• All proposed improvements should be acknowledged.
  • Feedback particularly important if a proposed change is not being pursued.
  • When an employee’s proposed improvement is being implemented, that employee should be involved in the implementation process.
  • The continuous improvement process must be regularly reinvigorated and refreshed, in order to maintain the flow of improvement proposals emanating from employees.
Companies must be willing to adapt existing organisational practices in order to implement continuous improvement programmes.
  • Address management apprehensiveness via a gradual cultural shift within the organization.
  • Cultural shift must be embodied by management & communicated clearly to employees.
Reluctance among employees to engage in formal continuous improvement programmes can arise in the context of labour unions.
  • Management to communicate the benefits accruing to both employees and the company as a whole from successful continuous improvement programmes.
Intrapreneurship: Barriers and challenges Solutions
Limited functionality of the subsidiary in a broader corporate structure


Level of staff of the subsidiary in a broader corporate structure


Ideation can lead to toomany, often poor, ideas. & potentially lead to a serious draw on time and capital resources.


The weakness of the ideas is in some cases related to the fact that ideas were generated & developed by individuals with bounded skill sets


Unsuitable global company structure, the lack of a suitable ideation programme & the absence of appropriate tools.

  • Multi-locational corporations can adopt heterarchical structures that are conducive to bottom up idea generations & the development of these ideas in multi-locational, multi-functional, multi-level, project teams.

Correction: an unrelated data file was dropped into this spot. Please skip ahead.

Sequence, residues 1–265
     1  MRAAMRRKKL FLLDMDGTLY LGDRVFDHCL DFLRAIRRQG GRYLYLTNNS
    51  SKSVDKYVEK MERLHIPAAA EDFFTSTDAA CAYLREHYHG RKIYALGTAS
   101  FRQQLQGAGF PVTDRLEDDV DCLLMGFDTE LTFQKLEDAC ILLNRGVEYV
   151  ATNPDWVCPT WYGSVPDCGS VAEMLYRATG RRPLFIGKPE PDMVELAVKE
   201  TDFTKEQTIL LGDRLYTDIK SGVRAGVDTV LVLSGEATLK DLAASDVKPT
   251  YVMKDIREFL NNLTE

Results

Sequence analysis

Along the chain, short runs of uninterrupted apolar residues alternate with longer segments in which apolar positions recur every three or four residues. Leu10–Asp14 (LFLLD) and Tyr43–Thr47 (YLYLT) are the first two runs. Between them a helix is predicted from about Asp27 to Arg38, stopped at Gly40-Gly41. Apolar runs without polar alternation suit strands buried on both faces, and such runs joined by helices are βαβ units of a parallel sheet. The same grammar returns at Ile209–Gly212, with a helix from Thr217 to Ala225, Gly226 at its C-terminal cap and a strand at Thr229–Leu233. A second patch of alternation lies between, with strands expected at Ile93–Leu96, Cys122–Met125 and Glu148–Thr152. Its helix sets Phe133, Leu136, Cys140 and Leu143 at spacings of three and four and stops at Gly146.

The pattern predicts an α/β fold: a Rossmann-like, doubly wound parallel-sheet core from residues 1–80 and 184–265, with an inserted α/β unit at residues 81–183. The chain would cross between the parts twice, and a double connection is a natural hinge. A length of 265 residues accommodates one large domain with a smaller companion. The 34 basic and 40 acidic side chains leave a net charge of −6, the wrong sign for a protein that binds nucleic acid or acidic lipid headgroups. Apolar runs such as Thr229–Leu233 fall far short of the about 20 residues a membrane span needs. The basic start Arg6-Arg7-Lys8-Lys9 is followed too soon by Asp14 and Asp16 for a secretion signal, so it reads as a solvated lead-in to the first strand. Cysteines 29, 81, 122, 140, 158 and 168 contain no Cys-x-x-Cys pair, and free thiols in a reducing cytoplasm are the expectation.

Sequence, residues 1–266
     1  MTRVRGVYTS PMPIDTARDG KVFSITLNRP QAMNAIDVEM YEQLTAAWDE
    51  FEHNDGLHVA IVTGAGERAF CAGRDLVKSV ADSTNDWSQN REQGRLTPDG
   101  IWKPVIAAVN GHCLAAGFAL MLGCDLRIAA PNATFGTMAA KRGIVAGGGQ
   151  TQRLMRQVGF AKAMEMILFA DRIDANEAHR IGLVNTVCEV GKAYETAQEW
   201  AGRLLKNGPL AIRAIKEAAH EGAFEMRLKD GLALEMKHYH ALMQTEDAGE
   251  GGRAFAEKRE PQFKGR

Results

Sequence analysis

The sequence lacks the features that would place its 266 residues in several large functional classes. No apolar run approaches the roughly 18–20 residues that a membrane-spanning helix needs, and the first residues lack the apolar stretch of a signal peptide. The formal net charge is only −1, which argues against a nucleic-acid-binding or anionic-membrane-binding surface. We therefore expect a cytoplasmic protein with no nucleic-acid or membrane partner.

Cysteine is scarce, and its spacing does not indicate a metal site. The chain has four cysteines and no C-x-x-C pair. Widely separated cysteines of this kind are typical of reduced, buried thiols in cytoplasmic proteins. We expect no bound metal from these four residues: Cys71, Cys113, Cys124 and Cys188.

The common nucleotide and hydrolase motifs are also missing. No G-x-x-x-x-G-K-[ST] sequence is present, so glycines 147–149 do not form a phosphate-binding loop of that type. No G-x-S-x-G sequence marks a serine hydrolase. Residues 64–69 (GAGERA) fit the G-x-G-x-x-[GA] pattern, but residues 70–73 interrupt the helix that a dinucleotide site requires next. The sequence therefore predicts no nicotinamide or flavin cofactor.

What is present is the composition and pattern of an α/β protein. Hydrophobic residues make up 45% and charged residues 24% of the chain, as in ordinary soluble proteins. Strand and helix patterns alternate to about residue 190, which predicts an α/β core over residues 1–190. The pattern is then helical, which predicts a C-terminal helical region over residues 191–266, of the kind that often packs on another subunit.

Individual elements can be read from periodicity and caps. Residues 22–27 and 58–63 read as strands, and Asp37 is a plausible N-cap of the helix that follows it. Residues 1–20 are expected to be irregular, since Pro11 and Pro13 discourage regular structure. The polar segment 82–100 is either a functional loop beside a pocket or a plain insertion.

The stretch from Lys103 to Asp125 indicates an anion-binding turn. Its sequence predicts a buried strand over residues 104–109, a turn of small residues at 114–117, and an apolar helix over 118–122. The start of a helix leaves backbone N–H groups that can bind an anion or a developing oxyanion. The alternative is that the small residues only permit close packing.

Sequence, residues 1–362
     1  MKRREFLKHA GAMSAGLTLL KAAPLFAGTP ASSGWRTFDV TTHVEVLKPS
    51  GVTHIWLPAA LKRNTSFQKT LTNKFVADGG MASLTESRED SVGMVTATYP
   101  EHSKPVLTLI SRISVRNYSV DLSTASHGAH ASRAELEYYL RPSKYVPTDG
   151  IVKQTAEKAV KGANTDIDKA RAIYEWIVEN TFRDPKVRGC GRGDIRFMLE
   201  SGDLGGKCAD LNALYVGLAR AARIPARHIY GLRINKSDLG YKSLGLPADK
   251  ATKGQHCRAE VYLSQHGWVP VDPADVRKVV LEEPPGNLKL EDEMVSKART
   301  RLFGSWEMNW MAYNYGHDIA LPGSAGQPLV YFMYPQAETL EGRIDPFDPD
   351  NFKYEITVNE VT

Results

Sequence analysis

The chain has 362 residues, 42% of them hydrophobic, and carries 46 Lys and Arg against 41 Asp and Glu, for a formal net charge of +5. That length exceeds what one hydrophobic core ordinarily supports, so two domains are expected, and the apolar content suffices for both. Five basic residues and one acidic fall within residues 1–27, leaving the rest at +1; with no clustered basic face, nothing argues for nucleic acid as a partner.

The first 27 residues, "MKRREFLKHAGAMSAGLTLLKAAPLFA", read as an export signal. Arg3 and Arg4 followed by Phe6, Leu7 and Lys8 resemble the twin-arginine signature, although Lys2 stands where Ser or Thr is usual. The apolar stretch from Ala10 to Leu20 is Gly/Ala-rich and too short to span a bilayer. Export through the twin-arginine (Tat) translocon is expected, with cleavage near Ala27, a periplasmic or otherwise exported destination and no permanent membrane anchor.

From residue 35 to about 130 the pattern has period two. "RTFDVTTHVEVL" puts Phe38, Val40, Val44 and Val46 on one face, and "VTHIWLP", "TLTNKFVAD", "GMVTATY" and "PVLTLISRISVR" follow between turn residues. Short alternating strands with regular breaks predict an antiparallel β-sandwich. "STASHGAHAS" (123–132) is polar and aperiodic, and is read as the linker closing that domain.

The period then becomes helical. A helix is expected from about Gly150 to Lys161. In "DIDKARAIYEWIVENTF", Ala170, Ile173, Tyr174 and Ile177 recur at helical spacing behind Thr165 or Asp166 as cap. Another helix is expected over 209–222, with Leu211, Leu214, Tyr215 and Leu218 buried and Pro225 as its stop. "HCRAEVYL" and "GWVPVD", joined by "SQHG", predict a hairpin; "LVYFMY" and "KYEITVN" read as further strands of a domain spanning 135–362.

• Organisational structure that facilitates bottom-up idea generation & intrapreneurship


  • Set of bespoke tools that suit the business of the company.
Motivating staff
  • All ideas receive formal and constructive feedback.
  • A reward system
  • Ideas that are not pursued are recognized.
Developing an intrapreneurial enterprise involves change which brings challenges that need to be managed.


Key pitfalls include a lack of buy-in and communication.

  • Staff need to understand that the company wants them to be intrapreneurial
  • Structures, tools & resources are in place & available
  • Employees need to feel that the programme starts from the top in terms of commitment.
Challenge of securing the benefits of the intrapreneurial activities for the company.
  • Protect intellectual property
Subsidiary Intrapreneurship: Barriers and challenges Solutions
Being part of an integrated global production network where the functions of sites are clearly set by corporate management.
Limited discretionary resources at subsidiary level limits the size of the initiative before the involvement of corporate. Drawing resources from a range of sources & projects
Intrapreneurship in context of serial entrepreneurship: Barriers and challenges Solutions
The perception at group level that intrapreneurial initiatives are outside the remit of subsidiaries & their employees Support agencies should inform serial entrepreneurs of the benefits that formal intrapreneurship programmes can deliver to their business groups.
Dominant role of the serial entrepreneur in approving employee intrapreneurial initiatives & allocating the requisite resources can lead to tensions with employees. The serial entrepreneur should ensure that employees are aware of the aims & objectives of the business group, in order to ensure that intrapreneurial proposals align with organisational strategies at the group level.
Family businesses can bring with them organisational features particular to familial relations.


While the founders of the family business play an entrepreneurial role, the second generation may be inclined to assume the a more risk-averse role of guardians of the family business.